We must recognize how our own policies in Boston have perpetuated systemic racism.

Boston has its own stories of transit policies that harm communities of color. Just one example is the Southwest Corridor Park that runs through the South End and Roxbury, the remnant of a planned highway from the mid-20th century that was stopped by the tireless work of community advocates, but not before hundreds of homes owned predominantly by Black Bostonians were destroyed to make room. Even today there is clear delineation in the different parts of the park that have or haven’t been historically invested in, with the predominantly Black sections of the corridor having significantly lower quality public space with things like trains clattering above ground and a lack of protected green and walking space.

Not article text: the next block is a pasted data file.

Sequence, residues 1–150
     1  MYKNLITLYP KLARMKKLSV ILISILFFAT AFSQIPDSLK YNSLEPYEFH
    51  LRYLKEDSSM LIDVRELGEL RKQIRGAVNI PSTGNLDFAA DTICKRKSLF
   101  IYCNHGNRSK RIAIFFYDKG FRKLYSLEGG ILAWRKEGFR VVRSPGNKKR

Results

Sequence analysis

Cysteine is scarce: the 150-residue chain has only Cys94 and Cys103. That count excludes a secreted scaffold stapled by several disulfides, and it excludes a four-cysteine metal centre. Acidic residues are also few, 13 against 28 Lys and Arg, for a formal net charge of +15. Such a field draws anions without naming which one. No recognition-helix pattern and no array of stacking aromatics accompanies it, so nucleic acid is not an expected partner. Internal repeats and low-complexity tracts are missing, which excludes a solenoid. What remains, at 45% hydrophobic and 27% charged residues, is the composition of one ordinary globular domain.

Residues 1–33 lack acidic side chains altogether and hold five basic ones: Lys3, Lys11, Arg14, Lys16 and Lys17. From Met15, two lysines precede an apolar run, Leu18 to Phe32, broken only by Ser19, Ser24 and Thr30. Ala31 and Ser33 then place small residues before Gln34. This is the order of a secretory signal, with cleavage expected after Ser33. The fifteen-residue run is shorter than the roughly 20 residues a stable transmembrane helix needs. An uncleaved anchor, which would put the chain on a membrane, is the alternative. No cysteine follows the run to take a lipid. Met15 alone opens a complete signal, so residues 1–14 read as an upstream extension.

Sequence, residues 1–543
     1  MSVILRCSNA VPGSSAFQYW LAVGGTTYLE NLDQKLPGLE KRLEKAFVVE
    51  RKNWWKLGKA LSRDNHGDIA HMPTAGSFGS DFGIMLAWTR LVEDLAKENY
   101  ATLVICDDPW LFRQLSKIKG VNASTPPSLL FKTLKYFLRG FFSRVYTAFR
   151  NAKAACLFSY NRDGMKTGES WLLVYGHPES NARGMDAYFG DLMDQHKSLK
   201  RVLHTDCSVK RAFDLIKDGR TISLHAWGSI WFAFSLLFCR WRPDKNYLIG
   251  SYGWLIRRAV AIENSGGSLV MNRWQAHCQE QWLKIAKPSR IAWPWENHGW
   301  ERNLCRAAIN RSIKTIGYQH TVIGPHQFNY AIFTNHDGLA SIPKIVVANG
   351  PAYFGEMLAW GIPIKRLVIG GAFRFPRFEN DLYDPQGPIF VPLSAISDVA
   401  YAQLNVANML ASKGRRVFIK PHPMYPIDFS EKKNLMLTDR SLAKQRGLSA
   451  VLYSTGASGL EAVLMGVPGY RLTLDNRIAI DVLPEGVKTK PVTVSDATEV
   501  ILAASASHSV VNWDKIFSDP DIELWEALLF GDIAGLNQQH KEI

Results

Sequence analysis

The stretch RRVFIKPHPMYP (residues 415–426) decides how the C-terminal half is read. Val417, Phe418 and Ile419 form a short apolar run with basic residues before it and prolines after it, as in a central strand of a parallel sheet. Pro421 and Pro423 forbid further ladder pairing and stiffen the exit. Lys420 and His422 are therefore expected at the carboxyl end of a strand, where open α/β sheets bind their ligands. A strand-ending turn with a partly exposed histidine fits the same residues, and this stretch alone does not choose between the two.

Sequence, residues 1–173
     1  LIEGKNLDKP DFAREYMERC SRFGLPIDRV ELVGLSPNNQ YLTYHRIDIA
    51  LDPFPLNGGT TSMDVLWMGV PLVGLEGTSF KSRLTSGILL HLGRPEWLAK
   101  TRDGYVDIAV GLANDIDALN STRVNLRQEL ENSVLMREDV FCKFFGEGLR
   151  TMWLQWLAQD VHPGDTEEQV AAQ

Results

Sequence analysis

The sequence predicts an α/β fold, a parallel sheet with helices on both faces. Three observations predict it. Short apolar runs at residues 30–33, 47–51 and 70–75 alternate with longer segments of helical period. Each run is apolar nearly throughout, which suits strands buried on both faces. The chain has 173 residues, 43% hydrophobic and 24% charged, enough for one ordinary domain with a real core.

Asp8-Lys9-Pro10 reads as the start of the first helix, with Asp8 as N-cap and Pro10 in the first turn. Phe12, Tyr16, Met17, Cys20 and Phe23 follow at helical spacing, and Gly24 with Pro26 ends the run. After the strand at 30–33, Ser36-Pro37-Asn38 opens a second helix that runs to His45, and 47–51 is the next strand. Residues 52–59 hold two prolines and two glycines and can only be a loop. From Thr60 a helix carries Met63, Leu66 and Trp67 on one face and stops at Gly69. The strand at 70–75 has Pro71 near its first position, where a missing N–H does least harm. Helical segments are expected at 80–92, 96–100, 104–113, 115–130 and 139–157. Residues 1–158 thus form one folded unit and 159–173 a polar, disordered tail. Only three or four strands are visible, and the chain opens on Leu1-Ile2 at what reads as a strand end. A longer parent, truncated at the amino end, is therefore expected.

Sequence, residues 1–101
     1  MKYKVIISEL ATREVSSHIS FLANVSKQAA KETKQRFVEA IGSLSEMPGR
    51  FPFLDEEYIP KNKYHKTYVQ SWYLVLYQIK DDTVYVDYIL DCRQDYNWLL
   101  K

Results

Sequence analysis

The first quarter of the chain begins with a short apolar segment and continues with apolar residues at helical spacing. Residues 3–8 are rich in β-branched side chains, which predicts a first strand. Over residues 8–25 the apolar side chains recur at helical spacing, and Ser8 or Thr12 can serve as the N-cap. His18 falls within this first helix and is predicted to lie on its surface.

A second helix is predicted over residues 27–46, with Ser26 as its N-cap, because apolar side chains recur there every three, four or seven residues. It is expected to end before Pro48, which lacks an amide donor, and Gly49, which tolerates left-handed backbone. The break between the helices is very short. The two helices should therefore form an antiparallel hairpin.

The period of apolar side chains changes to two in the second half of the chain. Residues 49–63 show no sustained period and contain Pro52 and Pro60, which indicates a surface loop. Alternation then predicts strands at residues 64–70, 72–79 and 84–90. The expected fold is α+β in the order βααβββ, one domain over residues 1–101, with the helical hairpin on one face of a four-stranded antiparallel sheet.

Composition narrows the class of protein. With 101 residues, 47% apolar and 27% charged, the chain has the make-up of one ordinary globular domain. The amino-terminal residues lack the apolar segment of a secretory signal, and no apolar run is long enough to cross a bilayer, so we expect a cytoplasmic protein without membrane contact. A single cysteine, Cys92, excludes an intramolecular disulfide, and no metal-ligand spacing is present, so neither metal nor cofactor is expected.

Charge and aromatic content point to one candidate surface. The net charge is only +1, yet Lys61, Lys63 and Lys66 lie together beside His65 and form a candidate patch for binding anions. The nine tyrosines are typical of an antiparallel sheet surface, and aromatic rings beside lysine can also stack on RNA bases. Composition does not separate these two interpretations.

Access to public transportation is also clearly divided among racial lines in Boston. Many of Boston’s communities of color, particularly those with large Black and immigrant populations, have the longest commutes to work due to a lack of accessible public transportation. Mattapan residents, which is 82% Black, have the longest commutes, as they are the least likely to have an under-30-minute commute and the most likely to commute for over an hour. So, when the MBTA began to reduce service as a result of the COVID-19 pandemic, critics argued that policy makers and the MBTA must take an anti-racist approach. Workers from communities are color have been the most likely to be considered essential, and therefore have relied on MBTA services throughout the pandemic. As Congresswoman Ayanna Pressley stated, “In a three-mile radius from Cambridge to Roxbury, life expectancy drops by thirty years and median household income by fifty thousand dollars. A lack of access to affordable, rapid, reliable transit has contributed and created that. This is not naturally occurring. So transit justice is a racial justice issue. It is also a workers’ rights and economic justice issue.”